Very Good=$225-275
     
  8. Hutch

    Hutch Member

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    It depends on what you want it to do best. A model 14 is lighter and may be more accurate than the 686. The 65 is a fixed-sight revolver, more appropriate for self defense or heavy field use where accuracy is less important. It's not the 65 is INaccurate, it's just that you may not have ammunition that hits to the point of aim. In addition, I don't the 65 was ever available with 6" tube, if that's a hard-and-fast requirement. Either the 65 or 686 will withstand conditions that would make the 14 rust.

    If this was going to be my one-and-only revolver, and I actually planned to carry it for use, then I'd choose the 686. If it's to be a safe-queen, only brought out for plinking or target shooting, I'd choose the 14. For SD, I'd choose the 65, but with a 3" barrel.

    So, what's important to you?
     
  9. Golddog

    Golddog Member

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    I'm a major fan of full lug 686's, but for sheer fun and amazing revolver accuracy, a 14 is unbeatable, in any barrel length. Unless you want to shoot .357's for defensive purposes, get the 14.
     
  10. EddieCoyle

    EddieCoyle Member

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    I have three S&W .38's. I have a 642, a Model 10, and a Model 14.

    The 642 is my carry gun.

    The Model 10 is my "beater" that goes in the car, toolbox, tacklebox, and with me to the range every time. It's an old cop gun with lots of holster wear. It's my favorite non-.22 with which to teach new shooters.

    My Model 14 (no dash) is an exceptionaly accurate target gun that is an absolute joy to shoot.

    Get the Model 14; you won't be disappointed.
     
  11. Deanimator

    Deanimator Member

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    The 65 (and 13) and the 686 are .357s, so that takes them out of your criterion. Still good guns though, if you like stainless.

    I've got a 14. It's a great gun, although I tend to shoot my 25-2 better since it's got more mass and doesn't move around as much.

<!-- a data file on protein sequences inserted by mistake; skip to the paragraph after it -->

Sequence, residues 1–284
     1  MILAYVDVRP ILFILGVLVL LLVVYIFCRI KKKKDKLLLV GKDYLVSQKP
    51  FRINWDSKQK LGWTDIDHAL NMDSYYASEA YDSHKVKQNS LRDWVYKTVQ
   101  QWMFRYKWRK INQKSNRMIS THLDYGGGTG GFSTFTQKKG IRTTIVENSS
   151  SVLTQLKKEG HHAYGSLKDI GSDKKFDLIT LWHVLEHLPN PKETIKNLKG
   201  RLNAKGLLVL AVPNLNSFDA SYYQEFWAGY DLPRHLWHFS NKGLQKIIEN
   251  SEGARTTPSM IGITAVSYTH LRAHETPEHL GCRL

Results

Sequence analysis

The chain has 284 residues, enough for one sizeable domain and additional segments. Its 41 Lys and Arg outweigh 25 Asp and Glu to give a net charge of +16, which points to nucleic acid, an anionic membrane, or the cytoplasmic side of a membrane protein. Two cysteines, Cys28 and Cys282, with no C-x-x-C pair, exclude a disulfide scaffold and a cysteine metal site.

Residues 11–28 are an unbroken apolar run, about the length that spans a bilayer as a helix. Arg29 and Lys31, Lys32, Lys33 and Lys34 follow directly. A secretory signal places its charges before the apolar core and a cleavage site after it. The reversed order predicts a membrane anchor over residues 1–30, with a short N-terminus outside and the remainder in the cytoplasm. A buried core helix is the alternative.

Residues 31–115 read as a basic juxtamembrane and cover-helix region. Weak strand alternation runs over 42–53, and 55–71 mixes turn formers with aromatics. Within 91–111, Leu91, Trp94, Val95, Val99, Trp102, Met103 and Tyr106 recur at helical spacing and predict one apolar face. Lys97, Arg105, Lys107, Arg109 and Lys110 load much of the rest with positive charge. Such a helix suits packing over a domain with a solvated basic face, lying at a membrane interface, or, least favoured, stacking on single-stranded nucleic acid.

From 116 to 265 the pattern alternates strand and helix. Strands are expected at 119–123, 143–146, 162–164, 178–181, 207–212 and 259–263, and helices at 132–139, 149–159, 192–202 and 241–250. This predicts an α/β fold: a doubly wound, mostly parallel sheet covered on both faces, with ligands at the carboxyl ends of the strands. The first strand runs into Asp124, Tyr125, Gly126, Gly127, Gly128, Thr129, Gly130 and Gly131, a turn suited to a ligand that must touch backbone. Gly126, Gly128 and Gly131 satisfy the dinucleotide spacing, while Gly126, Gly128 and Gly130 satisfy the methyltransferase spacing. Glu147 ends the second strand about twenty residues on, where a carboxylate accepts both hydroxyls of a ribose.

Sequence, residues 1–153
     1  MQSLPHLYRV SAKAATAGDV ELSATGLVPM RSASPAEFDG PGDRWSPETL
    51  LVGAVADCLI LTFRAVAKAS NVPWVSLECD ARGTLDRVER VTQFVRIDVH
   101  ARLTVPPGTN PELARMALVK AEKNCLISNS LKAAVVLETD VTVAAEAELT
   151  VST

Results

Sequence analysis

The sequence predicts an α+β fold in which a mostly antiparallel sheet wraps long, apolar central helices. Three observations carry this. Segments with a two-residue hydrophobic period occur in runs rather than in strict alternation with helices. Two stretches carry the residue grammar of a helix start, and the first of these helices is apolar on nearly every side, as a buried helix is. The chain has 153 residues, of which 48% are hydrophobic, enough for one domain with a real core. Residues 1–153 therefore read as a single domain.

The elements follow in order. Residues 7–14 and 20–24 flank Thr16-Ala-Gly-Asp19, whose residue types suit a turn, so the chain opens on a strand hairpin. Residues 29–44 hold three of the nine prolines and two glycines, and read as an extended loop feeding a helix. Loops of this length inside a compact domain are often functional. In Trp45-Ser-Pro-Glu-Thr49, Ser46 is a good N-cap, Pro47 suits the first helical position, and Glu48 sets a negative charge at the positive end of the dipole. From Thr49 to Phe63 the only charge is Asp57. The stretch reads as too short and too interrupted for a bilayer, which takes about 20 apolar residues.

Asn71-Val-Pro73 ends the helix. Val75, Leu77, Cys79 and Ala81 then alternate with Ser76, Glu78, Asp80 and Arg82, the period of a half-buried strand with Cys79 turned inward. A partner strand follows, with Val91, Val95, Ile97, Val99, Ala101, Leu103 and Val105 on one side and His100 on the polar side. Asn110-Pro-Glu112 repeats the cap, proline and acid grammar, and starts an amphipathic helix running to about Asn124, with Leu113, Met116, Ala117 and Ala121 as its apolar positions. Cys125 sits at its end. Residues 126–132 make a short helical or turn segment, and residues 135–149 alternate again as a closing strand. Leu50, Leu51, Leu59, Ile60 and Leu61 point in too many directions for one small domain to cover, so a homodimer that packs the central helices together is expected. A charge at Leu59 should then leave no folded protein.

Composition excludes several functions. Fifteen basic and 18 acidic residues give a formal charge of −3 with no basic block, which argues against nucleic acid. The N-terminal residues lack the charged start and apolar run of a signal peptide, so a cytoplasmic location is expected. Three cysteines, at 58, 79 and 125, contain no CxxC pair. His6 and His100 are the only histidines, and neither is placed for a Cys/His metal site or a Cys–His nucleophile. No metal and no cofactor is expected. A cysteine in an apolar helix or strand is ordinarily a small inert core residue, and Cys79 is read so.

12. Deanimator

    Deanimator Member

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    They were routinely catalogued. A friend has one. It was his step-father's police gun.
     
  13. Eightball

    Eightball Member

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    The best S&W .38 is a .357:D . I'd say go for a model 66--adjustable sights, after all. Can take .357, but I'm intending on using my 620 (7-shot 66, new version) with .38's more anyhow (cheaper ammo!!).

    My advice? Go for an older Smith, unless you have no problem with the internal lock. A 6" 686 should be cheap and easy to come by, since there were a few thousand (just a few) that were police trade-ins at some point. Just shop around. Everyone here can tell you their prefrences, but it all boils down to whichever one feels right to you---the one you pick it up, and are like "yeah, this is it". At least that's how I've found mine (followed by a thorough inspection, of course :) ).
     
    Last edited: Jul 30, 2006
  14. Smith357

    Smith357 Member

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    If you want a great .38 Revolver for target work you are going to be hard pressed to find one better then the S&W m-14. For hunting the 6" 686 is a better choice. The 65 is primarily a defense gun with fixed sights. They are all good guns built for slightly differnt jobs, you must decide what you want to use it for and then choose the proper tool for the job
     
  15. Majic

    Majic Member

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    The Model 14 is the K-38.
    The Outdoorsman was crafted the same as the K-38. Both are S&W target revolvers. The only difference was frame sizes. When large frame revolver matches were held the Outdoorsman competed against the New Service Target and the Shooting Master from Colt. When the medium frame matches were held then the K-38 competed against the Colt OMT.
     
  16. bakert

    bakert Member

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    Although I don't own one, I too believe the S&W model 14 is one of the best .38 revolvers ever made for target or all around fun shooting. For concealed carry, the model 10 good one or if you like adjustable sights, the model 15.